My housemates are homebrewers and we had just finished watching the entirety of the Avatar: The Last Airbender. I’m not a graphic designer by trade, so these beer labels were a bit of a learning pet project.
Room Key Card collection + Pick Punch = INFINITE PICKS (Taken with Instagram)
After The Legend of Korra ended its first season back in June, I asked a few of my Twitter friends and fellow Avatar/Korra fans to participate in a roundtable discussion about the first season. I knew that opinions about the finale were mixed, and I wanted to explore how different people reacted…
Like Korra? Like Avatar (the animated series)? Then read this discussion on them that I participated in! (For the record, I have since completed the original series)
At risk of turning my personal blog into a curation of cool things made by friends of mine, you should check this comic out. To call it a “strip” would be inadequate, as it incorporates interactive elements with unconventional presentation to create an elevated storytelling experience. I love this direction and can’t wait to see more graphic storytelling in this style.
This is QUEST, my first completely computer-made comic. It’s Photoshop, HTML, CSS and a little jQuery. I was really excited to work on an art thing using my HTML skillz since I’ve never really done it in a visual way like this. It’s mostly a tech demo/proof of concept, I hope to tighten up some of the art in the next couple of weeks.
Working on this convinced me to have an HTML component in my senior project, but I don’t really know what that means yet.
Despite having kept one for nearly four years, I’m still not sure for whom a journal is written. It can’t be written for other people, for that invites self-censorship (and furthermore, at that point, really, just do some editing and show people a short story if you want attention). At the same…
I do not normally reblog others, but I just had to share this incredible work by my prolific friend Luca. That’s all I’ll say…anything else I could write in this forward would be a disservice (and make my writing look bad in comparison!)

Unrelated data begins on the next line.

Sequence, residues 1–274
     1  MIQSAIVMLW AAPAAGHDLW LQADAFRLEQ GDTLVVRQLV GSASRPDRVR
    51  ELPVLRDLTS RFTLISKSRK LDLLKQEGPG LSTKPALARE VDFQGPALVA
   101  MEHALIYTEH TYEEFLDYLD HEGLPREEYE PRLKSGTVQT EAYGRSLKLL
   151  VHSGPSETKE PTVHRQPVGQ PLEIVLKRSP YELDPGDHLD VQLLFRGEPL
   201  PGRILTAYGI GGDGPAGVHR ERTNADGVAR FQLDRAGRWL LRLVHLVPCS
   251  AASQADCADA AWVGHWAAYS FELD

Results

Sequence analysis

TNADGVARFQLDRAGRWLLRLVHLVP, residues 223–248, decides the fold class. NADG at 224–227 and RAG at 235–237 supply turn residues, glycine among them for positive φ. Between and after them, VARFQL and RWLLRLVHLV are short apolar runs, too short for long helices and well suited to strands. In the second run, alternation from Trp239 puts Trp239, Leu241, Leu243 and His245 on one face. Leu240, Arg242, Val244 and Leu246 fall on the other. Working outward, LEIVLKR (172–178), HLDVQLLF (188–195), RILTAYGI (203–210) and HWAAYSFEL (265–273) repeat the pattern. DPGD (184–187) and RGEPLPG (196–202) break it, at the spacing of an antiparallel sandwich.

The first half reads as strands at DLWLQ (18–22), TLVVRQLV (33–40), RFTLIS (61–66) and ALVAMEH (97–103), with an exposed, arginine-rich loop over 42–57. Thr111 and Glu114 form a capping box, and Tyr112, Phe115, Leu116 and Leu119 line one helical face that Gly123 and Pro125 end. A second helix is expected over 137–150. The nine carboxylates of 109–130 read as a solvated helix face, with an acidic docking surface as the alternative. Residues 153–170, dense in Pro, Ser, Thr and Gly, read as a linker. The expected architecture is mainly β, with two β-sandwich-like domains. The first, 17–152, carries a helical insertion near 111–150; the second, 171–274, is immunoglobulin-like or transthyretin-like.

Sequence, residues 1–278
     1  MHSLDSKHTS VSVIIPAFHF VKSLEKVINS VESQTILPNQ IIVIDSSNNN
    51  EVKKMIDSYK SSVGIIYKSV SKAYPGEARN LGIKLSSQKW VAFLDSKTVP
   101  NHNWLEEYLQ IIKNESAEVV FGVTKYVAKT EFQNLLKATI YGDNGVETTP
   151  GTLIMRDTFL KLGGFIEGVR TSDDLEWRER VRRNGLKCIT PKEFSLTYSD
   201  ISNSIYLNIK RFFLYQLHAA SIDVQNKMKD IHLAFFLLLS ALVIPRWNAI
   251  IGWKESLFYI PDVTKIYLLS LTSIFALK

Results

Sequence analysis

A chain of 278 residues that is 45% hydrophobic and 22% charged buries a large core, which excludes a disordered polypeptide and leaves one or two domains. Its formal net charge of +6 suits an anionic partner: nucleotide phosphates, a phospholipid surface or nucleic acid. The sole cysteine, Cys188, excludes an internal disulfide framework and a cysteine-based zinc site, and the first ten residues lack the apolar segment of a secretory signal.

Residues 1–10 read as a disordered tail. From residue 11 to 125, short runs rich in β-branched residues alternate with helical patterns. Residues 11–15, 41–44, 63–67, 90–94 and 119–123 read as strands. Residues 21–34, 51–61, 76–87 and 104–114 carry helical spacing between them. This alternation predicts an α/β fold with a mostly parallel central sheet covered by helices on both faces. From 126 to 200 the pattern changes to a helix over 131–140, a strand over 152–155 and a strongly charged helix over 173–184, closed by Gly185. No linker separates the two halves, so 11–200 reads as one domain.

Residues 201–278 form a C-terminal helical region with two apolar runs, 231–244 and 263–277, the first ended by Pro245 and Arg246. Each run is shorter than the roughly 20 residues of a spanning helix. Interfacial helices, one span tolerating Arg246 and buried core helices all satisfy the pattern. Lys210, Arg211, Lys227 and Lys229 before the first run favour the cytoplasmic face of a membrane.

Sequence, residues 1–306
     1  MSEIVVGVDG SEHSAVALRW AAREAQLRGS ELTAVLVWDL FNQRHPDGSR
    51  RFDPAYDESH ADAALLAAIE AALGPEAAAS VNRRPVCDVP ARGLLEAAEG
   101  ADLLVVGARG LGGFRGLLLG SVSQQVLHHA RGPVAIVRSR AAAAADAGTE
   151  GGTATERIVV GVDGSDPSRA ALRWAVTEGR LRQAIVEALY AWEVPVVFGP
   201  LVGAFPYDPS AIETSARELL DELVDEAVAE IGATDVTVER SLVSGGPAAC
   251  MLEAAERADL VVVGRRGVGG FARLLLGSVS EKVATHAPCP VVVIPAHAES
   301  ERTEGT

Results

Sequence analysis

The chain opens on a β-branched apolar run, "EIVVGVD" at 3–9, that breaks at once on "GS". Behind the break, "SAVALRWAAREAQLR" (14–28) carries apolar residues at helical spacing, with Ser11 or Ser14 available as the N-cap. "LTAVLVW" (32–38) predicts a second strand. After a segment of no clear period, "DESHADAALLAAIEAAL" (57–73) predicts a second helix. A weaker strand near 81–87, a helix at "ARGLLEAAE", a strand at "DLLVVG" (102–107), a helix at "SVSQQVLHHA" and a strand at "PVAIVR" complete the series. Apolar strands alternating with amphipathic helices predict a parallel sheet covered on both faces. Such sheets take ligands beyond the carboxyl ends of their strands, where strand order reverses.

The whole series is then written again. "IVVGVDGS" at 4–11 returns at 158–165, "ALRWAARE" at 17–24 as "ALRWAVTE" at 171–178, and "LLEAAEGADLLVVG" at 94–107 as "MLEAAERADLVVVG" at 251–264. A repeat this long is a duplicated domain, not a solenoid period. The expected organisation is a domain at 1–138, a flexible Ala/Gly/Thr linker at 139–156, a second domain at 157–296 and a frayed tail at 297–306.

In the past decade, there’s been a lazy trend creeping into television. Scripted comedies are so saturated with this jarring practice, we’re hardly distracted by it anymore. And yet, my dislike for the technique is overpowered by a surprising side-effect.
We can easily point to the success of The Office (UK) as the instigator of the documentary narrative trend. Ricky Gervais and company first effectively utilized the private interview as part of its narrative, and ten years later, The Office (US) is in its eighth season, Parks and Recreation shows no signs of stopping, and Modern Family is coming off a virtual sweep of the comedy Emmys. What is it about documentary framing that makes it so successful?Read more
The following is a response to Ryan McGee’s article, “Never Mind The Bollocks, Here’s the Future of Television Criticism.”
I’m going to speak directly, on a not too broad scope, and try to sell you on a non-conventional journalism platform in which to publish reviews.
My name is Andrew Seroff, I won’t bury my mediocre lede either. A little biography to keep you reading (since I flatter myself by even writing to the TV critic community): I majored in television at Notre Dame, under the advisement of TVitterati’s own Professor Becker. Since graduating, I’ve become something of an amateur television critic and academic, that is to say, I write about the things I like, but for free. I recently took an internship at a start-up called Miso, which you may know from the last year in news about Social TV products.
I think you’re right to question the current model of television criticism. It’s flat. The only reviews/recaps I read are the standouts, like Cory Barker’s Community timeline breakdown, to name a recent example. It’s a matter of economy. I can’t afford to waste my time reading a review that is more long than it is interesting, I need punk rock. Speaking of which, I’ll skip further agreeing with you and get to the point.Read more